The focus in the beginning is to start with the background of the water and snow that is around and behind the ducks. Slowly building up until the shapes of the bufflehead ducks showing up in the negative space.
I used a very thin layer of burnt sienna as underpainting. I don’t do an underpainting for my big paintings very often, but I do for all my colour studies. It helps me to see the light and dark values easier. It gives me a comparison to work from. It just works for me.
I just keep adding layers and layers until I get the background to where I want it to be. I am not in a rush.
The water was fairly calm that day as they paddled back and forth. Actually, the pair were in a ditch, as I mentioned earlier there had been very little melting happening around the lakes even though it was the middle of May.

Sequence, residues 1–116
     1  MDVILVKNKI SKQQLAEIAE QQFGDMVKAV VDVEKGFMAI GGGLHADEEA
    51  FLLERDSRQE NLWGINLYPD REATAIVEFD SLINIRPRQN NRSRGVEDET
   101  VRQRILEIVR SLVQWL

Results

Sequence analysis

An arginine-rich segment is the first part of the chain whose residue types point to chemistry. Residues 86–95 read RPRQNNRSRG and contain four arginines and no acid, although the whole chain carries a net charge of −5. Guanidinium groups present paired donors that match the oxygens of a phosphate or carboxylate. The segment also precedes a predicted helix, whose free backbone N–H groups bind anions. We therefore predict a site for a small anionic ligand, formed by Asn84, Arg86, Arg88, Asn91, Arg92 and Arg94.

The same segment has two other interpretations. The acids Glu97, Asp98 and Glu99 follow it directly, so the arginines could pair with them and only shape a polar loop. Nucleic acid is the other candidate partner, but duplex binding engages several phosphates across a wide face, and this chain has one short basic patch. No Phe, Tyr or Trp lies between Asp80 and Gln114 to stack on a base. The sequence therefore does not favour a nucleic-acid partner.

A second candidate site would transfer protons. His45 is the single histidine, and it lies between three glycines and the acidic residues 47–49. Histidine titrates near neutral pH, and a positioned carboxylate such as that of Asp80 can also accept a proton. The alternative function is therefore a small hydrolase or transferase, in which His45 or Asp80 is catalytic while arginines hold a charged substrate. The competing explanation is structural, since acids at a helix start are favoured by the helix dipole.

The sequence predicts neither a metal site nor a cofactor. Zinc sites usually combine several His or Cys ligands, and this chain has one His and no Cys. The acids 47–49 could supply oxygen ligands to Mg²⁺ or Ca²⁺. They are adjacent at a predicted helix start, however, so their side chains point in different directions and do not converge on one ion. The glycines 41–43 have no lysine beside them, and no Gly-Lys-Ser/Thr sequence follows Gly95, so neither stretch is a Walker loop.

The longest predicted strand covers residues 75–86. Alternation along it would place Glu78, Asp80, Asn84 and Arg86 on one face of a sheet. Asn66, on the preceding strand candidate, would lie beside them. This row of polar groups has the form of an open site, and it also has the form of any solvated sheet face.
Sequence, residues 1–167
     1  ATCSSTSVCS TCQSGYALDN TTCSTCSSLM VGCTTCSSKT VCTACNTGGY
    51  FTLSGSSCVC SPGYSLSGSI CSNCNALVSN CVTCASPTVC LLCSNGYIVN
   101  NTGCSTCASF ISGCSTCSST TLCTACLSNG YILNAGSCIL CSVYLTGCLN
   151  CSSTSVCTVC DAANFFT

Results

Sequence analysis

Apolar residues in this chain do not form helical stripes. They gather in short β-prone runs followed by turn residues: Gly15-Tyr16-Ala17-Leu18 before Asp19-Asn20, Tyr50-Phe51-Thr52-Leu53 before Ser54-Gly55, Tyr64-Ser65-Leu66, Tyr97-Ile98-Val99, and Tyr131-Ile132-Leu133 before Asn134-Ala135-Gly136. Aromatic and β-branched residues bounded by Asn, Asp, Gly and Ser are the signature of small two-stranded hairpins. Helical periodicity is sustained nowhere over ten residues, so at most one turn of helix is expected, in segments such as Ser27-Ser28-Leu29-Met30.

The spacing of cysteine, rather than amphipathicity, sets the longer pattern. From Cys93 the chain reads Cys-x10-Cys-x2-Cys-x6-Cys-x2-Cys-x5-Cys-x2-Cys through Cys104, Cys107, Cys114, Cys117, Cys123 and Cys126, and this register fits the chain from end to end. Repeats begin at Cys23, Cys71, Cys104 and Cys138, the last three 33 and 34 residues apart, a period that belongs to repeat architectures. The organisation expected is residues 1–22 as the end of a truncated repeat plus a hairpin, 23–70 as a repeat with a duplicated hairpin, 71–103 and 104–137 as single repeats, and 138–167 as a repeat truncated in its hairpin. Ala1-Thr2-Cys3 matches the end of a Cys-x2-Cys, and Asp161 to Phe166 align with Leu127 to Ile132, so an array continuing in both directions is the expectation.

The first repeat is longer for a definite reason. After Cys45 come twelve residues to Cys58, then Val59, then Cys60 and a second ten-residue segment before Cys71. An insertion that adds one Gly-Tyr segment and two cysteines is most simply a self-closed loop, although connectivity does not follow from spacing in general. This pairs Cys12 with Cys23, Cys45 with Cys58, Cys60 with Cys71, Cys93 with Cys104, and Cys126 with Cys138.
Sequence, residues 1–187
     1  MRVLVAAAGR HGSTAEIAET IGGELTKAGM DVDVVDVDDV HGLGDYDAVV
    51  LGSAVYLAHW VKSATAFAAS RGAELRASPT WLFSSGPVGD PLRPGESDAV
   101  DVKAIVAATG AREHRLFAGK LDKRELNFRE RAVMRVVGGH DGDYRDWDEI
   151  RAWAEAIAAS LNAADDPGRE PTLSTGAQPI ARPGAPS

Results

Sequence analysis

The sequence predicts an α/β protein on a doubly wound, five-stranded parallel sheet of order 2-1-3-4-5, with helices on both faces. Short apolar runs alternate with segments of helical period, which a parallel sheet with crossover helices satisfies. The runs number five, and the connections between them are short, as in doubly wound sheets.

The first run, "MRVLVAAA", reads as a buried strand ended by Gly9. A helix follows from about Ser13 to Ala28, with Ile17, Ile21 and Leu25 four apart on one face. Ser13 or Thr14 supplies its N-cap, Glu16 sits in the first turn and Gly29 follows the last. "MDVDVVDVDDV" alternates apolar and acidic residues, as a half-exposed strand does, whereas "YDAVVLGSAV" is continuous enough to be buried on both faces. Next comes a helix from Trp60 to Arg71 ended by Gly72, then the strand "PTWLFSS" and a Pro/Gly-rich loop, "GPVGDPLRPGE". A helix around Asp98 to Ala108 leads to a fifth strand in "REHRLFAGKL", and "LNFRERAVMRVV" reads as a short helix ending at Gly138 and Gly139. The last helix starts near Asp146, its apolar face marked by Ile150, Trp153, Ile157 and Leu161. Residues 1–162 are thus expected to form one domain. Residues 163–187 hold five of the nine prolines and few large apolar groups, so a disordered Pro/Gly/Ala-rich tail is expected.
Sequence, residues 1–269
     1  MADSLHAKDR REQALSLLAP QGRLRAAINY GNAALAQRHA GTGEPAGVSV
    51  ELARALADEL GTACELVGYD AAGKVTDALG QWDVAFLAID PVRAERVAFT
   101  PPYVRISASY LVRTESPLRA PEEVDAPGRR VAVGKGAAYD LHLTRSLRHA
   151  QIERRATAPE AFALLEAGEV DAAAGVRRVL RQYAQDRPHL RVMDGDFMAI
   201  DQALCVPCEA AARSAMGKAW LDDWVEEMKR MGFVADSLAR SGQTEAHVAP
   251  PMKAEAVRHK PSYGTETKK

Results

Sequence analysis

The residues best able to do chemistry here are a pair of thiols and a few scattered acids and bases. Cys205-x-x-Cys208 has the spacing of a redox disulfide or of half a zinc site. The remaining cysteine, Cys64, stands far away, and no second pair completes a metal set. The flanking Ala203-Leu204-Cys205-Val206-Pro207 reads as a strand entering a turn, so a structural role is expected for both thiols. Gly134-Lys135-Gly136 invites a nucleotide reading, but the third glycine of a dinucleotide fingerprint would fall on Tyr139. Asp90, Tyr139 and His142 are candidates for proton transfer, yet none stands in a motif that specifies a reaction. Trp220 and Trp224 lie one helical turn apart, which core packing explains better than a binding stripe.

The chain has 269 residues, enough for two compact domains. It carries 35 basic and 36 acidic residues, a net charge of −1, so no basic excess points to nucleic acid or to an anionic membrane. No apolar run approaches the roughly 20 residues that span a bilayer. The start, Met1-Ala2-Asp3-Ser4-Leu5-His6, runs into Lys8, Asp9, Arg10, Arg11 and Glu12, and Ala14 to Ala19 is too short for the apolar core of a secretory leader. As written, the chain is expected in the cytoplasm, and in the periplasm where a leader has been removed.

As the ducks’ paddle past they are creating some rippling in the water behind them. Focusing in on these small details makes the water seem more real. I have changed to a smaller brush to paint in the smaller areas.
I have done a number of paintings with water and each one is so different from the other. I marvel at the very living nature of water and how diverse it can be from even one hour to the next.
I notice that water also reflects darker values. As the ripples fan out, they may crossing paths and creating very distinct forms. Water is always changing. The variation makes water a very rewarding subject matter to explore with paint.
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Yellowknife watercolour and acrylic artist Shawna Lampi-Legaree’s latest venture can best be summarized as capturing moments of beauty from the world around her.
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